In Los Angeles in 1987, the state of rock and roll had reached such a cartoonish meta-state, where in the subtly glamorous affectations of Aerosmith (Steven Tyler’s scarves) had been processed by the next generation into neon leotards and absurd theatrics, that the era is sonically high-end dominant because of the effect of cocaine on the human sense of hearing. This period is documented with particular snark by Penelope Spheeris in the movie Decline Of Western Civilization, the subjects of which cannot even fathom the notion that they will not be famous, which is he singular goal in being a musician if the fresh faced, loaded party animals of the sunset strip. These “hair bands” were the bane of anything sacred about rock and roll. It was over, so everyone thought– lost in a tragic, superficial ethos of jacuzzis and breast implants.

From the outset there was something dangerous about Guns N Roses debut track “Welcome to the Jungle,” the swirling police sirens and clawing guitar scratches, which build into an explosive and violent riff, like a fight just broke out. Lyrically it encapsulates everything despicable that punctuated the LA rock scene, but that the others bands were too busy preening to talk about: porno, drugs, vanity, money, disease, crime, and self destruction. Aesthetically GNR wore leather and were junkie-skinny; nothing neon about this band, and certainly no spandex. Matt Pinfield remarked that once Appetite for Destruction arrived, all bets were off. This debut cut wasn’t just an introduction to the band, but to a scary metallic underworld that, up to this point, had no proper soundtrack. -Andrew Bucket

The Stone Roses The Stone Roses “I Wanna Be Adored” (1989)

You can trace the lineage of every respectable British rock band formed after 1990 back to the Stone Roses. Oasis, Blur, Pulp, Bloc Party, Arctic Monkeys, The Libertines, Coldplay and yes, even Radiohead all owe a debt to the Manchester quartet who released their stunning eponymous debut album in spring 1989. It makes sense that it would inspire a generation of English musicians because, at its heart, The Stone Roses is a concept album about struggling to become, and finally achieving rock stardom.

It takes forty seconds for “I Wanna Be Adored,” the record’s opening track, to finally start moving with a slippery, hypnotic bassline courtesy of Mani, who along with drummer Reni form the group’s mononymed rhythm section. Guitarist John Squire soon enters the fray, and nearly two minutes after the song begins, vocalist Ian Brown finally lets it be known, “I don’t have to sell my soul / He’s already in me.” From there, Brown clarifies his (and the group’s) mission statement: “I wanna be adored.”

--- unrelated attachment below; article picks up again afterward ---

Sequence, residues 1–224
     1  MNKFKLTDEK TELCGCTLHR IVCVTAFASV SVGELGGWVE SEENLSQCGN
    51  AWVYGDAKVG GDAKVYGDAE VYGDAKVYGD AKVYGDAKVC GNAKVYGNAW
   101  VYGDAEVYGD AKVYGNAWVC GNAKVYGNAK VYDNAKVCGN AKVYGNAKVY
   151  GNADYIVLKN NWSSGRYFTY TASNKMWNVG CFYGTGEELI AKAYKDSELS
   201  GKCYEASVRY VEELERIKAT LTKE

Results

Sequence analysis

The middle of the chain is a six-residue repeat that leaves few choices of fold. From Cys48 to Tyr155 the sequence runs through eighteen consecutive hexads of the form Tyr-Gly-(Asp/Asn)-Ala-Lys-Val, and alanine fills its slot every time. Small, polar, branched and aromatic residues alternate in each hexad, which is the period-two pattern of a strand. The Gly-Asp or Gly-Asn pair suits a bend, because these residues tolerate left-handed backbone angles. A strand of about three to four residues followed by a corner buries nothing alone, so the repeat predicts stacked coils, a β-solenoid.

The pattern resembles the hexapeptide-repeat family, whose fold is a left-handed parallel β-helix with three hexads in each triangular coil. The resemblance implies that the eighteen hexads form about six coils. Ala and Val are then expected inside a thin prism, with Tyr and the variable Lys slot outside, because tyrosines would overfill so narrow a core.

Such an aggressive statement was a shift away from how contemporary acts of the era presented themselves. Rather than shy away from superstardom (like Robert Smith), or flirt with it (like Morrissey, whose band broke up two years prior), the Stone Roses embraced their destiny. Give them credit: they wanted to become the biggest rock stars in the UK, so they did. One can even argue that “I Wanna Be Adored” was a self-fulfilling prophecy.

Five years later, another group from Manchester released “Rock ‘n’ Roll Star.” It also was the first song off their wildly successful first album. I wonder where they got the idea? -Andy Johnson

Wu-Tang Clan Enter the 36 Chambers “Bring Da Ruckus” (1993)

1993 saw the release of the Wu-Tang Clan’s seminal record, “Enter the 36 Chambers,” a rusty buzzsaw at the neck of the typical backpack dance rap and new jack swing hip-hop era. I’m sure other lazy writers like me have equated this to how grunge bodied hair metal but it’s apt. Lead single “Protect Ya Neck” buzzed through underground shows like Bobbito and Stretch, “Method Man” established Clifford Smith as a playful, breakout solo star (as much as a dusted blunt smoker could be), and “C.R.E.A.M.” topped rap charts while championing Mazda MPVs as the minivan of choice for project thuggery (2 sliding doors). Once you got your hands on the tape, though, it was “Bring Da Ruckus” that cemented the Wu-Tang as one of the hardest, weirdest groups decades before the spaced out idiosyncrasies of a Weezy or Future. Littered with 70s Kung Fu dialogue and an unfriendly as ever 20+ “motherfuckin”‘s, enunciated as deliberately then as on any RZA line since, the track is a shotgun blast of Wu ethos to the chest. Partners and solo legends Ghostface and Raekwon shine first while the GZA/Genius, currently giving lectures at Harvard, anchors the gutteral track with the hunger of someone recently fucked by the industry. RZA lays an evil facade of keys over a chopped up Melvin Bliss “Synthetic Substitution” breakbeat that’s downright horrific and, like any good horror movie, you can’t pull yourself away for the next 45-minutes. -Josh Phelps

The New Pornographers Mass Romantic “Mass Romantic” (2000)

Like a lot of records I bought between 1998 and 2004, Mass Romantic was purchased without my having heard a single note of it. A positive review, provactive cover art, and sympathetic pricing at Tower Records and then Plan 9 was generally all the convincing I need to offload my allowance for… something. Hopefully it ended up being good.

We obviously have it better these days. The barrier of entry to music nerdom is access to broadband. That’s fantastic to state the completely obvious. But it has taken the wind out of the “side one, track one” thing, at least for me. There was something about purchasing a CD, unwrapping the packaging in the parking lot, putting it in your car stereo, and, as those first seconds unfolded, the rush of “What the fuck did I just get myself into? What did my $13.99 just buy me? Does this sound like I’ve been imagining it would?” That was the power of a “side one, track one.”